Sculptures need to be maintained and do not magically remain in perfect condition. Fortunately they are more easily repairable than other public art (see my post on the conservation of street art). There are sculptures that are regularly repainted like Ron Robertson-Swann’s Vault. Public sculptures are sometimes damaged in accidents, like when a truck hit Peter Corlett’s Mr Poetry and broke its leg. Portal needs to have rust and moss removed and it’s surface repaired and repainted.

A new location has to be found for the ticket booth or Portal, so that both can function as they should.


COVID-19 and Melbourne’s art world

If you are like me then you are already bored with all the articles, posts, tweets about COVID-19. So please forgive me for this blog post; I am writing it for a future record rather than for you my present unfortunate readers. On the upside, this short blog post contains my most complete report on what is going on in Melbourne’s art galleries but with fewer images.

The art galleries have closed in Melbourne. Art Almanac has a list of gallery closures and event cancellations but the short version is everything is cancelled or postponed. So instead of my regular wander to view exhibitions and street art this Thursday I will once again be staying at home, as I have since mid-March.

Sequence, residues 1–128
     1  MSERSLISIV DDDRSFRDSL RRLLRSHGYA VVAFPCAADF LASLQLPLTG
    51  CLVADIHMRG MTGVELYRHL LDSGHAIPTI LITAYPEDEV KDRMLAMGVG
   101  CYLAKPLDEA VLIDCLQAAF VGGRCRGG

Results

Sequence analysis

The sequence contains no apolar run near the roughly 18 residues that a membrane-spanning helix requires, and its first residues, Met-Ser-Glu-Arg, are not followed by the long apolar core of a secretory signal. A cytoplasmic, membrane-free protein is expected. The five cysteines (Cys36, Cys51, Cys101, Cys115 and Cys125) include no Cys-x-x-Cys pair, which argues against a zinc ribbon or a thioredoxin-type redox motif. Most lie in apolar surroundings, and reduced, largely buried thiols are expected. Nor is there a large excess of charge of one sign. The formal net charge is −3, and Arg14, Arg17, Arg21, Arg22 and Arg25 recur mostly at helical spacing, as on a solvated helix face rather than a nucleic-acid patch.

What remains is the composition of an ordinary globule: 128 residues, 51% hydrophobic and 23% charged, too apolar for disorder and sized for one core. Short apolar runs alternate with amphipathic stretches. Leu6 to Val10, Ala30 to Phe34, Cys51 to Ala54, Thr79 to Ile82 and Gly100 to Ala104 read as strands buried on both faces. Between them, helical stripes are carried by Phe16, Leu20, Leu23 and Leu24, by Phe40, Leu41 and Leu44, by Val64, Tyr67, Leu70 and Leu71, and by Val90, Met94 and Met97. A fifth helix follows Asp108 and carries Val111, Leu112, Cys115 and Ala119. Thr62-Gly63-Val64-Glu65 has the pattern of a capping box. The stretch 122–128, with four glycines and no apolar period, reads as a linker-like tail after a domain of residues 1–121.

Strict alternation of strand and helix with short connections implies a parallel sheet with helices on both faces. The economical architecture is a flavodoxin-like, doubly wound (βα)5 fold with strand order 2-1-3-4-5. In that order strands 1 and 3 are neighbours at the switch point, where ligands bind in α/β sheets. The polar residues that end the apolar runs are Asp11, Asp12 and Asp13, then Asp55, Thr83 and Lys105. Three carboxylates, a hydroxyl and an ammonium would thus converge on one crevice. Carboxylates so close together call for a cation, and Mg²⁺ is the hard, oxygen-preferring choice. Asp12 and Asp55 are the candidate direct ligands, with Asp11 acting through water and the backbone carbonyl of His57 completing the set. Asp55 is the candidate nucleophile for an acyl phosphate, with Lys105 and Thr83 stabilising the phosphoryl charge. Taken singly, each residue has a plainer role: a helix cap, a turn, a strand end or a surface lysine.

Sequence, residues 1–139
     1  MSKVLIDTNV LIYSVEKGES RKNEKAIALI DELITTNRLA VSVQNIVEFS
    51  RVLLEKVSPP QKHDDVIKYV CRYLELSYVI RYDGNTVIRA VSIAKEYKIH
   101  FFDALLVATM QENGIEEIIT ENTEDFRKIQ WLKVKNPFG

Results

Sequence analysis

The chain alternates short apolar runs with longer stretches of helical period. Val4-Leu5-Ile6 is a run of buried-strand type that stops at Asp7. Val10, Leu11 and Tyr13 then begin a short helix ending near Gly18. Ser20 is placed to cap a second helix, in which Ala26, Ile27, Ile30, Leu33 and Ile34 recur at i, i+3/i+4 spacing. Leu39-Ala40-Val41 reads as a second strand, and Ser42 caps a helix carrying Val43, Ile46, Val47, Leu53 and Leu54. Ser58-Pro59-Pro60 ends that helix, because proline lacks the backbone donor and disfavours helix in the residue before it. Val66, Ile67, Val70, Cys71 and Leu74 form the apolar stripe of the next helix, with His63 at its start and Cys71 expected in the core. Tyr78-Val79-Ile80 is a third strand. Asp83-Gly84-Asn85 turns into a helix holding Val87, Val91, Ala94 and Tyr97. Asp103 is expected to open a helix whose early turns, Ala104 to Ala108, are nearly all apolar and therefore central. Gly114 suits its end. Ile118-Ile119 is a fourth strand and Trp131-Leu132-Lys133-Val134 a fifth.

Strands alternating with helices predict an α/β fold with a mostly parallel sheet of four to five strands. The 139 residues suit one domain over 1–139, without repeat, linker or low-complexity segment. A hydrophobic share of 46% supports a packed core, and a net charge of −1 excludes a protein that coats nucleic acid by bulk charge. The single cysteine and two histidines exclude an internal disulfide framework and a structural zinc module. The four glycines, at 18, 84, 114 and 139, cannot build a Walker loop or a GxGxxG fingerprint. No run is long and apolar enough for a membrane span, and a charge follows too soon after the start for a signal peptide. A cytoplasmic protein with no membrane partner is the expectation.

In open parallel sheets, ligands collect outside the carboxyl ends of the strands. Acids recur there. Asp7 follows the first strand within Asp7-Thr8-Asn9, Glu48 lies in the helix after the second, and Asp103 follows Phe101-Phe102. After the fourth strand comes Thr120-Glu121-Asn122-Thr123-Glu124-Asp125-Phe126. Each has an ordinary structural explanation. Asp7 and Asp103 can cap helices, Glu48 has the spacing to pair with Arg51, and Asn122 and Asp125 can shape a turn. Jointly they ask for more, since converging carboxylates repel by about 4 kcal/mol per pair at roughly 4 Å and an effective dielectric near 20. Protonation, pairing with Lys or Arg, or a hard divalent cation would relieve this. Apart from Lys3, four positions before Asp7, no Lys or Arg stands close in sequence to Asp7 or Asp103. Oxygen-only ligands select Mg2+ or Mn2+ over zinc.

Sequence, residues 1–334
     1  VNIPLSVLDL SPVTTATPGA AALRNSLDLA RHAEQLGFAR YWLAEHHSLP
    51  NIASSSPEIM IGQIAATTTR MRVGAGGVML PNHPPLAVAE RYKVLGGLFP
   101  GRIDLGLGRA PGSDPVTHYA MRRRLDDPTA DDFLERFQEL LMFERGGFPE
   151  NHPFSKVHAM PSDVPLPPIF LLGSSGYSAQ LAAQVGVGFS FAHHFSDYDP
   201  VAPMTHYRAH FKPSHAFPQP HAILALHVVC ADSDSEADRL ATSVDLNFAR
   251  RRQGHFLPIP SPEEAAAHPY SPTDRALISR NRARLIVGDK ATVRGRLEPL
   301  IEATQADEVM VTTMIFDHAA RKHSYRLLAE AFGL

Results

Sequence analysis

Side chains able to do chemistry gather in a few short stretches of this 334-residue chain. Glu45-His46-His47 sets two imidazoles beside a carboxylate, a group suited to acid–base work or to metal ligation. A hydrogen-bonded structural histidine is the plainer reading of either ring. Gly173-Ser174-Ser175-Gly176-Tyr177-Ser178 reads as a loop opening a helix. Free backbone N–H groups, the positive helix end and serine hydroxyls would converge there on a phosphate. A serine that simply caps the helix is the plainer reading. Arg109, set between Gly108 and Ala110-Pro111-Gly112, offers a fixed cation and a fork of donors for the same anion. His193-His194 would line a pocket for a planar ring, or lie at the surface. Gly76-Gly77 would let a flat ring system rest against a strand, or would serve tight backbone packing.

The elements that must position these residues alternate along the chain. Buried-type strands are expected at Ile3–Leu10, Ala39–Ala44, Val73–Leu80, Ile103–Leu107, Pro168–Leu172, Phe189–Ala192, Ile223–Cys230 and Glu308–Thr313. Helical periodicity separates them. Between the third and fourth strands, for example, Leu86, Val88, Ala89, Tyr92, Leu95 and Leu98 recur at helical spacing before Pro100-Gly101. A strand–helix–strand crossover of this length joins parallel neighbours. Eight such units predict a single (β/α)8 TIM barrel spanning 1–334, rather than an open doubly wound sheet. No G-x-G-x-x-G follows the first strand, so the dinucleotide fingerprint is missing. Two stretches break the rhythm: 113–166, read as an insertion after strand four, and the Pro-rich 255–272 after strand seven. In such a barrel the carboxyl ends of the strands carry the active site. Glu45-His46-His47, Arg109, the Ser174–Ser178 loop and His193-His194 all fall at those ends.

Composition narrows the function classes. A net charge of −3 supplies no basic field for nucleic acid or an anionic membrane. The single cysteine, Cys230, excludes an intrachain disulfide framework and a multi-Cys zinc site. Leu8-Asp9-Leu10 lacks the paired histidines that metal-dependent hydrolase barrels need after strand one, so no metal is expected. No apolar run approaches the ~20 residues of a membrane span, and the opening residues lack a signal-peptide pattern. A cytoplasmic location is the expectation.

A few commercial galleries like, Charles Nodrum Gallery, continued with their exhibition program during March, without the usual opening drinks, and remained open by appointment, asking patrons to call ahead to arrange a suitable time to view the exhibition.

Some street artists and graffiti writers, normally nocturnal creatures, are still venturing outside to practice their art but they won’t have many actual viewers even in the best locations. The famous Hosier Lane is empty, as it often was a decade ago when the art in it was better. I infer this from what I have seen in recent posts and photos for I have seen little more than a few blocks from my home.

Many artists are working from home or alone in their studio as they have always done. What they produce and what is the cultural impact of this pandemic maybe a topic for future blog posts when the art galleries are open again.


A decade ago in Hosier Lane

Instead of going out paint-spotting today; photographing graffiti and street art around the city I am staying home. I have been cleaning up my photo collection of graffiti and street art. The photos need to be named, tagged, filed. In the process I saw my photos of Hosier Lane and, the then adjoining, Rutledge Lane from a decade ago in 2008, 2009 and 2010.

Hosier Lane was not created so that people could sell product or attract tourists. It was a place for graffiti writers and street artists, where they could spray in the centre of city. Not that those original intentions mean anything in what it has become. So here is a photo-essay about Hosier Lane from over a decade ago when there were a lot less tourists and a bit more respect for the art.

Stormie Mills (cut off) Reko Rennie, Drew Funk and Vexta all on one wall in December 2009.